December 15, 2005
Intercultural Perspectives on Cellphone Cultures

An interesting way to look at the cellphone cultures emerging in the U.S. would be through the prism of similarly emerging cellphone cultures in other countries. I've been tracking the cellphone scene in India and other parts of the world over the past two weeks and am amazed at the diversity that exists, as well as the business opportunities that are rising, and the entrepreneurs that are moving in fast to satisfy the emergent consumer demands.

The common theme seems to be that in a scenario where technology will be ubiquitous, it will be the service, innovative brand-linked promotions and compelling content that will become the major product differentiators.

Let's start our journey from London. There's an innovative service that disseminates Shakespeare as TXT messages being provided by a cellphone company called Dot Mobile, that is aimed exclusively at students. Dot Mobile provides the Shakespeare messages free to its subscribers, that is, it is an innovation not for tangible revenue per se, but rather to build and build upon an existing brand affiliation.

This branding effort is replicated across the seas in the Indian market with is growing at a scorching pace of over 2 million new handsets every month (65 million so far). While mass brand Reliance is giving away free handsets to all and sundry (including prepaid subscribers), a company like Airtel is offering a service called "Hum it", which allows the user to simply hum or sing a song and use it as a personalised ringtone, and also, believe it or not, a ‘free flight’ offer, wherein its postpaid customers can avail of a free local airline return ticket on the national carrier, Indian Airlines (more).

Meanwhile Kingfisher, which is trying to brand itself as the premium upmarket airline in a very crowded competitive field, launches a service called King Mobile, which enables its passengers to get all the latest flight information on their cell phone, including their flight status, schedule alerts and and assistance numbers in various cities (more).

Videotones are all set to take off in the country and there is a range of companies at different consumer touch points that are quickly moving in to fill up this space with premium content, such as handset maker Nokia, cellphone service provider BSNL and specialist cellphone content company

Text messaging has already exploded massively on to the scene – and everyone is reaping the rewards – thus season two of India's Millionnaire-two shows, Kaun Banega Crorepati, has received 90 million phone calls/SMS messages already from participants eager to enter (in just 55 episodes; in contrast season 1, which was aired in 2000, before the Indian text messaging boom, received only 100 million entry attempts across 305 episodes), while the first 13 episode season of Indian Idol received 55 million phone call/SMS votes (source: India Today, October 31, 2005).

Another major growth opportunity is cellphone games, which have emerged as a significant phenomenon - both culturally, and as a space where lots of money can be made. And the big companies are lining up already.... smelling the money trail. For instance, Electronic Arts recently entered into the Indian cellphone game market by means of a distribution tie up with the country's leading game company, India Games (more). This is on the heels of their recently acquiring US mobile leader Jamdat Mobile; they're also scouting for similar acquisitions globally, especially in Europe and Asia (more).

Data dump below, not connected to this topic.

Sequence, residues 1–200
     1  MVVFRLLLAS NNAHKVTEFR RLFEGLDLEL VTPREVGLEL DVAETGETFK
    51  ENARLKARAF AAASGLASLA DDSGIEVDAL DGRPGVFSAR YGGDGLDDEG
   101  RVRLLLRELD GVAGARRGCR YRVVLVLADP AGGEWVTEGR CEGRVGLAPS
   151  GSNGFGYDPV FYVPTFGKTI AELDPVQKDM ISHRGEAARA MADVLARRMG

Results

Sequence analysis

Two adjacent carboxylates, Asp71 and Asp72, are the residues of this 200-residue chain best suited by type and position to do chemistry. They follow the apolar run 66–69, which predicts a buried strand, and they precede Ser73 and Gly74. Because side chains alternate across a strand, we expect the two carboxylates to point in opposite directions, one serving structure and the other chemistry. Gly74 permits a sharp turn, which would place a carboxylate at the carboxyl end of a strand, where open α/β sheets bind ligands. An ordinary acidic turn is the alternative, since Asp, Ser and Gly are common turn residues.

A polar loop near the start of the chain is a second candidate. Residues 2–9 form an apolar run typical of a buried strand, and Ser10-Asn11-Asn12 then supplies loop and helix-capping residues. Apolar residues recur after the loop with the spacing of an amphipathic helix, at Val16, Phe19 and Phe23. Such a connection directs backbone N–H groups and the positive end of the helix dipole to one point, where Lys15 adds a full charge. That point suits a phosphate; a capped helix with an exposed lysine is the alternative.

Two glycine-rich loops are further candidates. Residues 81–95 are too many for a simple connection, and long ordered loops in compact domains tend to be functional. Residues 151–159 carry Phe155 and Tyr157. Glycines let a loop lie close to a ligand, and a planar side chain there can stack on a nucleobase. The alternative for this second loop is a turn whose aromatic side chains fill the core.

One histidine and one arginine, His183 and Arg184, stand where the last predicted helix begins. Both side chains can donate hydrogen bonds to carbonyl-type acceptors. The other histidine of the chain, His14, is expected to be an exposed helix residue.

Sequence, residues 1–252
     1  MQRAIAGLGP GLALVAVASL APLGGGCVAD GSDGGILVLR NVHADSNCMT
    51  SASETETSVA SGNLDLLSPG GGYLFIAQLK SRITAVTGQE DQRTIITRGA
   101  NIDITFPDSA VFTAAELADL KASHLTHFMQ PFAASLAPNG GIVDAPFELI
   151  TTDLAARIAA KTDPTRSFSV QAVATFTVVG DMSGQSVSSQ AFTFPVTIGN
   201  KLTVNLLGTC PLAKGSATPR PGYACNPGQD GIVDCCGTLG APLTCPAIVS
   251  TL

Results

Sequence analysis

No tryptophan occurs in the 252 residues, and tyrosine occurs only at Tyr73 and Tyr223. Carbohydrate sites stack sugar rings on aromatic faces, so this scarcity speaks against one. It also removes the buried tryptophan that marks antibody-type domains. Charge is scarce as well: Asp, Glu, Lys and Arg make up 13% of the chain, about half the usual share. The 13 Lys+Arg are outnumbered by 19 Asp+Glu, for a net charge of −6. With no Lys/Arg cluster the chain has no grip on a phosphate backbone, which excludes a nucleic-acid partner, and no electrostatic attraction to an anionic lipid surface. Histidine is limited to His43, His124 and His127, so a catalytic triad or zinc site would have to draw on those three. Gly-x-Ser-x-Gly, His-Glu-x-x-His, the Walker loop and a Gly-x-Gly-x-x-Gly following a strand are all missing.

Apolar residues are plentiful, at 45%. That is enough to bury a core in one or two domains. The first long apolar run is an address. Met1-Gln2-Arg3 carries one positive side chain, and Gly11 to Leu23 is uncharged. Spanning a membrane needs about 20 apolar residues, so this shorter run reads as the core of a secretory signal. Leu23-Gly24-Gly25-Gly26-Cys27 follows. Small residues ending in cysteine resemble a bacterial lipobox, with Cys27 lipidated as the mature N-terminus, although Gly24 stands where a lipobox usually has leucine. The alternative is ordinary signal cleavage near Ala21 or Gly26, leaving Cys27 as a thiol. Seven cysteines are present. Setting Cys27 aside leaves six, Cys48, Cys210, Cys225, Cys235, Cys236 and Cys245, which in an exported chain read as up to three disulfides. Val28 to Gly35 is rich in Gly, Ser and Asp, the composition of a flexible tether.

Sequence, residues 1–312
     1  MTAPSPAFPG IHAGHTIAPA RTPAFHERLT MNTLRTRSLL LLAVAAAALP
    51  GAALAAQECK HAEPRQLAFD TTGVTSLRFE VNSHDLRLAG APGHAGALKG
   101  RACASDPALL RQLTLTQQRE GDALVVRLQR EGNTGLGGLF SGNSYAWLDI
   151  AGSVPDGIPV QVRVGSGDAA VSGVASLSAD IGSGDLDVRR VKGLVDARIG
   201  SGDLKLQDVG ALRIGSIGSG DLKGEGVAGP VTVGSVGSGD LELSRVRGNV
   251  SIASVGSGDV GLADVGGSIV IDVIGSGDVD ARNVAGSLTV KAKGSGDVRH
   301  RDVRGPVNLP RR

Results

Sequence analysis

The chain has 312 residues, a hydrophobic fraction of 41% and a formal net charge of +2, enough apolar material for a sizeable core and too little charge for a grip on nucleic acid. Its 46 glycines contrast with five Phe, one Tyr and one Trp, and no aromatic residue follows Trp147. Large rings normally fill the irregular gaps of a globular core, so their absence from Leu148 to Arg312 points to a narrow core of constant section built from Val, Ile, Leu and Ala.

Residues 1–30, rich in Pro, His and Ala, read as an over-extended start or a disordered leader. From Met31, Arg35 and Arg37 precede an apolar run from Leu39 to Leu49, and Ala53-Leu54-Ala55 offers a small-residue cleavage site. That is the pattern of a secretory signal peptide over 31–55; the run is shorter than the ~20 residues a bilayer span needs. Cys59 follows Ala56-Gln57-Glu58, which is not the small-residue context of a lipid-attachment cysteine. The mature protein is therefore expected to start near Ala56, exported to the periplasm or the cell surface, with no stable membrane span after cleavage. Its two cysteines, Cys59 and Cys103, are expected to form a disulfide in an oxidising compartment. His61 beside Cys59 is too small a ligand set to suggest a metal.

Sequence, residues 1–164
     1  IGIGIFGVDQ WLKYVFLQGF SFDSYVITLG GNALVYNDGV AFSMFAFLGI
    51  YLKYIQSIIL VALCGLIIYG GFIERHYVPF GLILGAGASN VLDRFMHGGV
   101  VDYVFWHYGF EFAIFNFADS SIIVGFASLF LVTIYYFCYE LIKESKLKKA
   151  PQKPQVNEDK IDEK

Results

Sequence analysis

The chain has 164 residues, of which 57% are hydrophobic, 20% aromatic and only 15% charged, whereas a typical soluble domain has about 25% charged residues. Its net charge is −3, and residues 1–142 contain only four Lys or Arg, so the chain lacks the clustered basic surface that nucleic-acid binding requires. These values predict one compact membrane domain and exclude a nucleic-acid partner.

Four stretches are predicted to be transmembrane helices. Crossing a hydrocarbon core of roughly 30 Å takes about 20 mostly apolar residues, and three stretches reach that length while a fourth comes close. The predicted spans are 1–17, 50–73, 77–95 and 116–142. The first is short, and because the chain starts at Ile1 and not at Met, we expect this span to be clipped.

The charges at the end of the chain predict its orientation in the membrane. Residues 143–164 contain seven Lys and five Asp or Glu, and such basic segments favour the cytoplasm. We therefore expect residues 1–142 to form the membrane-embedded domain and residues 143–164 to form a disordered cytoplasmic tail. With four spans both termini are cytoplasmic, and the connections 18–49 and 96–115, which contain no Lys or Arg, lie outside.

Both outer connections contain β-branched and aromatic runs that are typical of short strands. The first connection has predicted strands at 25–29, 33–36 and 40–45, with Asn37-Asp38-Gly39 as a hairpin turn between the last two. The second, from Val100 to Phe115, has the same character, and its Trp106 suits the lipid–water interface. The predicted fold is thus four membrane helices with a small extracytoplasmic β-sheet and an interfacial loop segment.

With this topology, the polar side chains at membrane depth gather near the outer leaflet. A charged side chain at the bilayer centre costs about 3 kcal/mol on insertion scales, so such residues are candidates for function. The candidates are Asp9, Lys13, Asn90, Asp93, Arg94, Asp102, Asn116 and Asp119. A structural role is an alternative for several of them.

Finally, here are some observations culled from aprevious blog post of mine about India's first mobile gaming conference, that can be applicable to the US market as well.

  • Mobile games will be the number one revenue earner in India, surpassing even ringtones.

  • M3G or mobile broadband will be a major boost to mobile gaming. But it will be content that will drive adoption of this new platform, not the other way around.

  • Gaming audiences are different from ringtone audiences. Gaming audiences are mainly between 15-26, and come from all over, even small towns and rural areas.

  • As the market space increases, traditional media houses, which so far, have entered into other spaces like broadband, TV, etc, may also enter the mobile gaming space. This will make the situation interesting for the exclusive gaming companies who have set up shop so far.

  • Merely having a mobile phone does not mean that people will want to play a game on it. Price is really a sensitive issue. The entry point for a mobile game should be low. Very low.

  • Flexible pricing will work better than fixed pricing. Thus the Yahoo model - of first play it for free, then for 50 cents... then for a dollar, etc. may be more sensible, than a fixed price strategy.

  • Popular cultural phenomena like cricket, or Bollywood will always translate well to games. But niche and specific ideas like Mobile Yoga, or Cooking, may also find interested users.

  • Publishers, handset manufacturers and operators need to address the current challenges and grow the market together.